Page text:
not a member? click here to sign up
The Mercantile, Dublin
Craig Fitzpatrick, 05 Oct 2012
Life after former frontwoman Lydia Des Dolles begins now for Sweet Jane. And, while songwriter and architect Danda Paxton is ever-present, change is afoot. So it proves tonight at the Mercantile, billed as a showcase for the well-respected Reekus roster and one of the first chances for the Dublin faithful to catch a load of Sweet Jane Mark 2.
Before that, the whimsical Keith Moss takes to the stage. A thoughtful, intelligent writer of psychedelic pop, he’s a lithe performer of real potential. Deetrich, the vehicle for Kilkenny artist Dee Doyle, keeps the quality up, marrying acoustic strums with real bounce and some Pretenders vibes. Having only recently signed to Reekus, the following night finds her launching her debut Tug Of War in her hometown. Two voices to listen out for in future.
Back in the here and now, Danda and his new band of brothers take their bow. And it proves to be a real family affair. Alongside Donagh O’Brien, still a powerhouse behind the skins, we have the Brothers Paxton. Danda dead centre with that ever distinctive ‘tache, Ruairi completing the rhythm section, Neil taking care of keys and Conor adding to the live guitar racket. Leather clad and downcast, they look like the last gang in town and have the scuzzy Mary Chain vibe to match. But the absence of Lydia is felt. This evening, the wonder captured on Sugar For My Soul, on songs like ‘Black Eyes’, is simply not there. They’ve lost a certain Velvets femininity and that strange otherness to their sound, moving away from dreamy, glazed shoegaze and into biker territory. Indeed, they basically approximate Black Rebel Motorcycle Club at times, being a mash of black leather influences. One number is basically Brian Jonestown Massacre’s ‘When Jokers Attack’ stripped of the punch. They start strongly and there’s no doubting the power and drive of their performance or their instrumental ability.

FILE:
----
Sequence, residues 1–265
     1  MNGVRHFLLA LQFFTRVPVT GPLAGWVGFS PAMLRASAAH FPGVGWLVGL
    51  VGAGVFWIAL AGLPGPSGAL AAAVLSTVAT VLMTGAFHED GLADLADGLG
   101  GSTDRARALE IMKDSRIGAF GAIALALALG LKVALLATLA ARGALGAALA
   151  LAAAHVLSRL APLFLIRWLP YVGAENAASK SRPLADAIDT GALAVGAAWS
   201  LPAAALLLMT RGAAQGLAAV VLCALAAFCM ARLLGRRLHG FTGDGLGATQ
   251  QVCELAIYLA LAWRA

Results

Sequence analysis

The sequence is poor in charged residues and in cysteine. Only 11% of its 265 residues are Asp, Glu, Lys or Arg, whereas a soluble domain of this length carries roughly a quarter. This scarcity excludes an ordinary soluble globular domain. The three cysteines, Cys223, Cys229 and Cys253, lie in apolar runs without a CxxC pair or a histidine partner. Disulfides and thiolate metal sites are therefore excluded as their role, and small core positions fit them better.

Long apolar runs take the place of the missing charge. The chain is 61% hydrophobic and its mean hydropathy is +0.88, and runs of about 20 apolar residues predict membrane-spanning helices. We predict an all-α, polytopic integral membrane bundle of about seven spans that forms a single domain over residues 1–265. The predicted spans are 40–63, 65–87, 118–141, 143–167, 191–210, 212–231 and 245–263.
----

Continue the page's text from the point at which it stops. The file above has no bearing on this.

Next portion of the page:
Danda has a thousand melodies up his sleeve but there’s always the nagging feeling that they’re also rattling around his record collection. And there’s a voice, a presence – something that sets them utterly apart from the other contenders – that’s missing. Ultimately, you’re left with the feeling that the best of this incarnation is yet to come. Early days all over again.